Here is what they say about the FFM in the news:

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FFM – First Film World Competition

Today, the FFM announced the nineteen movies included in the First Film World competition. There is one Japanese movie in the list:

Noise : Japan, 2017, 124 mins; Dir.: Yusaku MATSUMOTO; Cast: Kokoro Shinozaki, Urara Anjo, Kosuke Suzuki, Kentaro Kishi, Takashi Nishina, Kenji Kohashi, Hiroshi Fuse.

Eight years have passed since the Akihabara massacre. A pop star whose mother was killed in the incident, a teenager who left her home to Akihabara, a delivery boy who turns his directionless anger to the city. This is a story about the characters striving to grasp the string of hope within the darkness surrounding the city, the incident, and the people.

[ IMDbOfficial WebVimeoYoutube ]

No screening schedule has been announced yet. We will post more information as it becomes available.

Here is what they say about the FFM in the news:

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FFM Schedule

The schedule for the competition movies has been posted last night. Those screenings will be held at the  Imperial Cinema. The schedule for the screenings at the Cinema du Parc and Dollar Cinema will be announced later.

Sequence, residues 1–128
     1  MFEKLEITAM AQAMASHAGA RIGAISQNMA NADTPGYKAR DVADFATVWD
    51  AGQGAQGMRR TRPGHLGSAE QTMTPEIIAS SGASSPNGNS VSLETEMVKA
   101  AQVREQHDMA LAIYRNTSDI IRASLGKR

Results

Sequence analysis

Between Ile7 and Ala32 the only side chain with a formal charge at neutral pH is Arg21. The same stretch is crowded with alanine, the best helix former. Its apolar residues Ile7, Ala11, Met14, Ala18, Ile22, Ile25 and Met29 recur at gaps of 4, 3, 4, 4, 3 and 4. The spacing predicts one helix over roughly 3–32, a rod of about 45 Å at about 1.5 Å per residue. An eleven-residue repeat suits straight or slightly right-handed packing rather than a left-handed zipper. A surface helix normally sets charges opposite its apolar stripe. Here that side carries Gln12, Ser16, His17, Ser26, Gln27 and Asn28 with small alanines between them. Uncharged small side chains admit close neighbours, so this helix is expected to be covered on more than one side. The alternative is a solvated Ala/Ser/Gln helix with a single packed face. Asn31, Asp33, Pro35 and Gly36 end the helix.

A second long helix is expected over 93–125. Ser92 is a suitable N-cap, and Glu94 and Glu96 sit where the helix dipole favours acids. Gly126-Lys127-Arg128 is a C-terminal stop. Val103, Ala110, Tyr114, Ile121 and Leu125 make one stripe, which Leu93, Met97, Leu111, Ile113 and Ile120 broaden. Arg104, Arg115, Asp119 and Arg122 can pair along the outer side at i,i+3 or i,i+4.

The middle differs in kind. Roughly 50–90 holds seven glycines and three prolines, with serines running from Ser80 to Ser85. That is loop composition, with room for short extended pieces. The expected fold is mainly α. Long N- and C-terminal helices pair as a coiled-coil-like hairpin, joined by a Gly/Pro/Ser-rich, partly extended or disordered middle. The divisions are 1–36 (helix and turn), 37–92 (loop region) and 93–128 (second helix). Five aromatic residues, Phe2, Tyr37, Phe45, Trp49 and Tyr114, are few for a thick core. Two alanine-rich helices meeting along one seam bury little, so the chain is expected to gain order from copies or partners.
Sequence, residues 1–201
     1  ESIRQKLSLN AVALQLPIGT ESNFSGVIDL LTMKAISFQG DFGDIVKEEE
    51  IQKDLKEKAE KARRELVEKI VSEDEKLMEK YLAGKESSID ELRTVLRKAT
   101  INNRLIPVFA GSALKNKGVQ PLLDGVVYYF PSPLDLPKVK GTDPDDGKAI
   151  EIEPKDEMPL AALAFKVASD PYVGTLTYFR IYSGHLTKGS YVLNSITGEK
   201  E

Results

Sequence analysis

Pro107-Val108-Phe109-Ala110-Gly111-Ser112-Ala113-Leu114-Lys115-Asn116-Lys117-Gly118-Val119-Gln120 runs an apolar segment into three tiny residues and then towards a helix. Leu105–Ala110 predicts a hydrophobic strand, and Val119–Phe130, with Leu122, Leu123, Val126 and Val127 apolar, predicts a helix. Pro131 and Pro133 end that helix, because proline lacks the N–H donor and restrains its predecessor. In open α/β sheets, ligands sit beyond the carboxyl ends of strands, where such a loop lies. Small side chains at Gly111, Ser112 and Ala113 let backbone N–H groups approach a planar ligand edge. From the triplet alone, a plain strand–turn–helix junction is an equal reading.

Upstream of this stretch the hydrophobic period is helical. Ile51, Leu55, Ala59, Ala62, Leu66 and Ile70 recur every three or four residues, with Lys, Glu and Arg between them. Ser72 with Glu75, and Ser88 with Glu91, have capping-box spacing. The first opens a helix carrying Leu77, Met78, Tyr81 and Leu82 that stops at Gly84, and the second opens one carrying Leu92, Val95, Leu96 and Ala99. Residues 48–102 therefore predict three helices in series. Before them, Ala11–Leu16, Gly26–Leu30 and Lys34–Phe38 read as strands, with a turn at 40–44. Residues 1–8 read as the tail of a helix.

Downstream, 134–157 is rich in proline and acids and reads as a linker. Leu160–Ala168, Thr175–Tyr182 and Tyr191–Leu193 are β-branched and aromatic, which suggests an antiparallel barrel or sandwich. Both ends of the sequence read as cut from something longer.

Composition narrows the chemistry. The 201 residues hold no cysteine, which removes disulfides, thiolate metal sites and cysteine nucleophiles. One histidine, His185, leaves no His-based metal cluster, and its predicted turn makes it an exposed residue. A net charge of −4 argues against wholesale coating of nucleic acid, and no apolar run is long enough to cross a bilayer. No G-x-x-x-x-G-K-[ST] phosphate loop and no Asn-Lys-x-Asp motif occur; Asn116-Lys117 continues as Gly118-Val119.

The only Japanese movie in Competition will screen at the Imperial on Friday September 1st at 19:00 with English subtitles and on Sunday September 3rd at 11:00 with French subtitles.

DEAR ETRANGER (?????????? / Osanago Warera ni umare): Japan, 2017, 127 mins; Dir.: Yukiko Mishima; Scr.: Haruhiko Arai (based on a novel by Kiyoshi Shigematsu); Cast: Rena Tanaka, Tadanobu Asano, Miu Arai, Narushi Ikeda, Raiju Kamata, Kankurô Kudô, Sara Minami, Shingo Mizusawa, Shinobu Terajima.

Based on the novel from Kiyoshi Shigematsu, this is the story of Makoto Tanaka, a 40-years-old who has remarried. His wife is Nanae and they care for 2 daughters from Nanae’s prior marriage. Makoto tries to have an ordinary family but Nanae becomes pregnant and things are bound to change.

[ AsianWiki / IMDb / Youtube ]

We will post more information as it become available.